As the Village of Anmore deals with the aftermath of a massive party that included helicopters, supercars and hundreds of attendees, other villages are attempting to deter a similar bash from taking place in their backyard.

Belcarra Mayor Neil Belenkie says there's significant concern about a party the size of the one held in Anmore this past weekend coming to his village.

"There is significant concern that there could be issues around safety," Belenkie told CTV News Vancouver over the phone. "We’d rather not see any of that at all."

Saturday’s bash in Anmore was a birthday party planned by Justin Plosz, who owns a public relations company.

He had been renting the house for the last 10 months, and before moving out, planned a party which included three helicopters and roughly a dozen luxury cars.

"It went exactly as planned," Plosz said. "We gave our notice, and then asked for permission to have the event. And the landlords provided us permission so we had the event."

Village of Anmore Mayor John McEwen questions whether a helicopter can even land at a residence.

"We’ve since pulled up the information off of Transport Canada and there are some rules and regulations that we’re going to be following up with."

Police were called to the party over a noise complaint, and then later 911 was called about an overdose.

"About two hours after the initial call, Coquitlam RCMP were called back to the scene for an overdose," said Cpl. Michael McLaughlin with Coquitlam RCMP. "The person at the scene was revived and refused further treatment."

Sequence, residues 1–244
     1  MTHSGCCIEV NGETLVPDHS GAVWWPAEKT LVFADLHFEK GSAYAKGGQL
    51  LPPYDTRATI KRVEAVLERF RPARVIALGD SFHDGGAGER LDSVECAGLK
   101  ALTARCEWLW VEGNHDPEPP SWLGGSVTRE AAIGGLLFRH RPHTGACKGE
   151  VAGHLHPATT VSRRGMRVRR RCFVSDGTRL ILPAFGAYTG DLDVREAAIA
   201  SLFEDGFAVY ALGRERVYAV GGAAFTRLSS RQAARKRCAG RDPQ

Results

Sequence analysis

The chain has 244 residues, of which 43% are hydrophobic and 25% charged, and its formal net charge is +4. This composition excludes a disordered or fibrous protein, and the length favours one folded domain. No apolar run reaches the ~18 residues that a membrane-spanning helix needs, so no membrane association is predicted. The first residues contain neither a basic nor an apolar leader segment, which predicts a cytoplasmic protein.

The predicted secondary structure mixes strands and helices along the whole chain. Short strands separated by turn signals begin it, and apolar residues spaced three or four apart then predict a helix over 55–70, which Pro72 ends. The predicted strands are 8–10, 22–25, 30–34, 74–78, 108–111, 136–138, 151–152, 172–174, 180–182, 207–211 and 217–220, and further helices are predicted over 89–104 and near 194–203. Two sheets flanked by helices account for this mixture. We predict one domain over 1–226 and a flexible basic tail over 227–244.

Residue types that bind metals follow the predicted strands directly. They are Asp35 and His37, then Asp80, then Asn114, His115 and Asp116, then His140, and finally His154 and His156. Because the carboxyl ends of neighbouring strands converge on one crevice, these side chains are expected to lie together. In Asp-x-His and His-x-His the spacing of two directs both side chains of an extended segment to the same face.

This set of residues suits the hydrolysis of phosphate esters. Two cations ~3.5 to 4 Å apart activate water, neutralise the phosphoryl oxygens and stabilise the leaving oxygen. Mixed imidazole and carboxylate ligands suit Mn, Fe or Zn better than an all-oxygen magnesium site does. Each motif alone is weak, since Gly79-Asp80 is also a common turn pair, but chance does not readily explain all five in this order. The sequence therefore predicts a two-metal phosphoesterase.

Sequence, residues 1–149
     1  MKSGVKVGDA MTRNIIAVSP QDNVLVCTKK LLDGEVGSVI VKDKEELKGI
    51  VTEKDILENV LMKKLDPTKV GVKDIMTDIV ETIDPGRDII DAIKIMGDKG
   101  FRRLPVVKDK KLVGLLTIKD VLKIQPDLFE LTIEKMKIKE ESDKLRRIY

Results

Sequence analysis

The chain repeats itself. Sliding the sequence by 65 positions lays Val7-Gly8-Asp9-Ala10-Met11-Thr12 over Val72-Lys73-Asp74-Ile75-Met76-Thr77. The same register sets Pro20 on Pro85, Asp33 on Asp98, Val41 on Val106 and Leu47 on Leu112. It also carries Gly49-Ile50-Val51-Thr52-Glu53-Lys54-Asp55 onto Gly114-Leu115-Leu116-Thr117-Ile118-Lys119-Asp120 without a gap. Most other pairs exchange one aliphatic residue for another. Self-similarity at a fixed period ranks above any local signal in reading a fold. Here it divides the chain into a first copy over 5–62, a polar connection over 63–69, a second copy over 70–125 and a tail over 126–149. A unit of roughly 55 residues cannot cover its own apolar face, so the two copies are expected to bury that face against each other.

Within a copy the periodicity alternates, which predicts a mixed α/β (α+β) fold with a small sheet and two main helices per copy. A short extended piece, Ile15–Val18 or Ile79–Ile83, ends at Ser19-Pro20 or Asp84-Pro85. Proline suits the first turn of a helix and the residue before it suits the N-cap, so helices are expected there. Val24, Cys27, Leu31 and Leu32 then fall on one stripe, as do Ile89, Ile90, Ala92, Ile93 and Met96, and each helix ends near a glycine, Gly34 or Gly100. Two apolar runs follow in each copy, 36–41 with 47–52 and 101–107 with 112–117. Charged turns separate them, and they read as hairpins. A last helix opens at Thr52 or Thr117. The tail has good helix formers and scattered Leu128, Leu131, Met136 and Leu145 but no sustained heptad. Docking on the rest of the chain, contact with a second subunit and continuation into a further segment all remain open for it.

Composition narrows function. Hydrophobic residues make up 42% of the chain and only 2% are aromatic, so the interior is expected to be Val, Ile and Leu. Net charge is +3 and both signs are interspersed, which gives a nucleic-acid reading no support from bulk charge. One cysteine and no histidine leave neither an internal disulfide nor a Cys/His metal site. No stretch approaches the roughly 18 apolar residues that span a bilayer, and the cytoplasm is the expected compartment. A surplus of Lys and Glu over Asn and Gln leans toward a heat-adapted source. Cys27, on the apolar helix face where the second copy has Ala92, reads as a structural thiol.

Officers attended but the party was never shut down.

"It is not illegal to land a helicopter at a private residence with the permission of the homeowner," said Cpl. Michael McLaughlin with Coquitlam RCMP. "It is not near the airport of some other zone that could be applied there."

Transport Canada is aware of the party and is looking into the matter.

McEwen said he  called Belenkie to "give him a heads up."

Belenkie is hopeful those planning the party will reach out.

"Planning this party with this group and having a way to influence it in a positive direction that wherever we can, that’s what special event permits are for," he said.

Those permits are not in place, but council will be discussing it further at the next meeting.

"If they need to be able to land helicopters, we can help by having a conversation around 'do we need to have to look at bringing in a barge,'" he said, adding that the helicopters could land on the barge with the passengers coming in by boat.

He suggested a permit for a large event like this might range anywhere from $500,000 to $1 million depending on the support required.

Belenkie said he has not spoken to anyone involved, but that the line of communication is open.